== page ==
U.S. States and Canadian Provinces
Color legend for Distribution Map

U.S. & Canada State/Province Distribution
United States AK, CA, CO, CT, ID, IN, MA, ME, MI, MN, MT, NH, NJ, NY, OR, UT, VT, WA, WI, WY
Canada AB, BC, LB, MB, NB, NF, NS, NT, NU, ON, PE, QC, SK, YT

Range Map
No map available.


U.S. Distribution by County Help
State County Name (FIPS Code)
CA Mendocino (06045)*
CO Jackson (08057), Larimer (08069), Park (08093)
ID Boise (16015), Bonner (16017), Custer (16037), Fremont (16043), Kootenai (16055), Lemhi (16059), Teton (16081), Valley (16085)
IN Steuben (18151)
MA Berkshire (25003)*, Essex (25009)*
MT Flathead (30029), Glacier (30035), Lake (30047), Lewis and Clark (30049), Missoula (30063), Powell (30077), Teton (30099)
NH Coos (33007)
NY Herkimer (36043), Jefferson (36045), Oswego (36075)
OR Clackamas (41005), Lane (41039), Lincoln (41041)*, Multnomah (41051)
UT Duchesne (49013)*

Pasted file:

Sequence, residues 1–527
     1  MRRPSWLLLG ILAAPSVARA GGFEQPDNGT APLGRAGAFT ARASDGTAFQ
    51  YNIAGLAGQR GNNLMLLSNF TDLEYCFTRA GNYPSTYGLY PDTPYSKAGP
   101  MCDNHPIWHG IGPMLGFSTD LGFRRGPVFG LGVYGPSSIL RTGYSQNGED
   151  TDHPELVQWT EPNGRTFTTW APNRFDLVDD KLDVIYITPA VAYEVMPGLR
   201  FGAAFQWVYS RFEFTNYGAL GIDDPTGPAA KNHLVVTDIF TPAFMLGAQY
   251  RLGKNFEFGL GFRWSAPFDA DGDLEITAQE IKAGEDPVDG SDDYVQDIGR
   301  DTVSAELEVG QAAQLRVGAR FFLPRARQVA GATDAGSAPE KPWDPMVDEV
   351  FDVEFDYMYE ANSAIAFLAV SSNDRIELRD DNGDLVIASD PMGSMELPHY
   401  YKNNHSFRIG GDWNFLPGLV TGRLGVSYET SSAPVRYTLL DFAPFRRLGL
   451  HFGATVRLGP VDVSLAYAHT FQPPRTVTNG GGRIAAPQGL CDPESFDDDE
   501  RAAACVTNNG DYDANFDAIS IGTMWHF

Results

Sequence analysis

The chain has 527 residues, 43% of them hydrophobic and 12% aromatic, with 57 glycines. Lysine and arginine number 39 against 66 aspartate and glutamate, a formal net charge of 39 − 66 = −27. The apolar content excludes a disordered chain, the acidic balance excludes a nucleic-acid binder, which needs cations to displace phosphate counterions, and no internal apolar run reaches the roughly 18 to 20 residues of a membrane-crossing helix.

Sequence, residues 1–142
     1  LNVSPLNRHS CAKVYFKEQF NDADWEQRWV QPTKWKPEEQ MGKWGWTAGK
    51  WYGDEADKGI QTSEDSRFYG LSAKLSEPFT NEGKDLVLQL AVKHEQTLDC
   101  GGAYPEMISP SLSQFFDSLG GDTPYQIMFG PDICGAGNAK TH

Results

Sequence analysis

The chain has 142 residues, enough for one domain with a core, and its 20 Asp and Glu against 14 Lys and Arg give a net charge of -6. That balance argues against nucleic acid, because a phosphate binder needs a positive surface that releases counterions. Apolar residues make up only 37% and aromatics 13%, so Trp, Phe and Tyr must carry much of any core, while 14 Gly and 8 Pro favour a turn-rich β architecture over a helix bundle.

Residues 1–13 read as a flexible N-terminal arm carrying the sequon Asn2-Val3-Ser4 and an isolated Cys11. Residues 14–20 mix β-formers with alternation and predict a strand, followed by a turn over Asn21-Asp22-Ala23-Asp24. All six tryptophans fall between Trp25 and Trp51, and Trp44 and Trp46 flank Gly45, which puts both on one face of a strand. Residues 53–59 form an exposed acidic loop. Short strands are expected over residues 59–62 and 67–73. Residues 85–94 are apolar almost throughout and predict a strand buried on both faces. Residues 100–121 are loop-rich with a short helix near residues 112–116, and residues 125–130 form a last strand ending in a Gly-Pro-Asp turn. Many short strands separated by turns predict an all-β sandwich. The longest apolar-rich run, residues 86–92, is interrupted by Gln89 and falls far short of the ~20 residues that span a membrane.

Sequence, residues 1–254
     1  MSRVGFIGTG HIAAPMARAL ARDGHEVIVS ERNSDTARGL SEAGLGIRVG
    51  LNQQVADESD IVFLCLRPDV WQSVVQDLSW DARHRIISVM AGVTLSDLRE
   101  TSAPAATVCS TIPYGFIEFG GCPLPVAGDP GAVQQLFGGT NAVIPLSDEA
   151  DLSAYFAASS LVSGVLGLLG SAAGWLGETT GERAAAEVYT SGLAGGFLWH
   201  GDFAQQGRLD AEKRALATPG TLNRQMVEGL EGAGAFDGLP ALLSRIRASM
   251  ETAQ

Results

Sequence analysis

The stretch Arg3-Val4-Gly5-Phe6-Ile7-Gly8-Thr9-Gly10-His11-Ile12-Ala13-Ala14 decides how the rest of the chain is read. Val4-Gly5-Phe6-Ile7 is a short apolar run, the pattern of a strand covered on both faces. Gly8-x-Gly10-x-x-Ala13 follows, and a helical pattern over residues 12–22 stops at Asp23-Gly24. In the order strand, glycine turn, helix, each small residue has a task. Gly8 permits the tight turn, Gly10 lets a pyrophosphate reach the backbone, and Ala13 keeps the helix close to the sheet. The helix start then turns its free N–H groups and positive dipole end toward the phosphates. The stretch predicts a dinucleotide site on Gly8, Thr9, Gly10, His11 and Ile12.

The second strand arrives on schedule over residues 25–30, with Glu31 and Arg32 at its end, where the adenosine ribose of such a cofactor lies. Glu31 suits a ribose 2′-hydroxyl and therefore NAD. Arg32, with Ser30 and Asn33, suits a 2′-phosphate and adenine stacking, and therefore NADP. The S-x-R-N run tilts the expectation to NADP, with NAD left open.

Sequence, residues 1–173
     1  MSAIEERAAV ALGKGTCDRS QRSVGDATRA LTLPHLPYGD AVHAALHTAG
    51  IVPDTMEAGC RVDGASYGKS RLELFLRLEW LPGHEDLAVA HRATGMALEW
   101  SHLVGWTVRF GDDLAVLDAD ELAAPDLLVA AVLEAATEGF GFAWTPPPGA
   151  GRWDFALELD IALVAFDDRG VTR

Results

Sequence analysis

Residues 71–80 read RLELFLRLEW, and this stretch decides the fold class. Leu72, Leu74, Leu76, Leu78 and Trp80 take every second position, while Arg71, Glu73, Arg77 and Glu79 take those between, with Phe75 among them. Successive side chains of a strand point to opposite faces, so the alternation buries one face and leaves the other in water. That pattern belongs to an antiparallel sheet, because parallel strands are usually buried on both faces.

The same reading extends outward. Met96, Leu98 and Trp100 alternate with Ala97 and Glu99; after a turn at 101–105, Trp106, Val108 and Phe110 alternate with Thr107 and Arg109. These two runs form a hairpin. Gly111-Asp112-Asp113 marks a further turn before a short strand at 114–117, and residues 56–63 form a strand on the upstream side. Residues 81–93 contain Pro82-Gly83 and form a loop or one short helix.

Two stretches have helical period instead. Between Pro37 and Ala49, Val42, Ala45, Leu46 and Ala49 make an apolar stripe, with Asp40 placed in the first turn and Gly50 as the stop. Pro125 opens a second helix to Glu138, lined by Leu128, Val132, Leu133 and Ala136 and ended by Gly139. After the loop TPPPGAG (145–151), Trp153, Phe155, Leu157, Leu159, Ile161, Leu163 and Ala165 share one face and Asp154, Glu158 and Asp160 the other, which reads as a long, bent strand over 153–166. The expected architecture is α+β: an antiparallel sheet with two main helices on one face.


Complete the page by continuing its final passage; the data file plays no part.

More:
VT Addison (50001)*, Washington (50023)
WY Fremont (56013), Park (56029), Teton (56039)
* Extirpated/possibly extirpated
U.S. Distribution by Watershed Help
Watershed Region Help Watershed Name (Watershed Code)
01 Upper Androscoggin (01040001)+, Charles (01090001)+*
02 Mohawk (02020004)+
04 St. Joseph (04050001)+, Salmon-Sandy (04140102)+, Oneida (04140202)+, Winooski River (04150403)+, Lake Champlain (04150408)+*
10 Madison (10020007)+, Cut Bank (10030202)+, Teton (10030205)+, Clarks Fork Yellowstone (10070006)+, Popo Agie (10080003)+, North Platte Headwaters (10180001)+, Upper North Platte (10180002)+, Upper Laramie (10180010)+, South Platte Headwaters (10190001)+, Upper South Platte (10190002)+*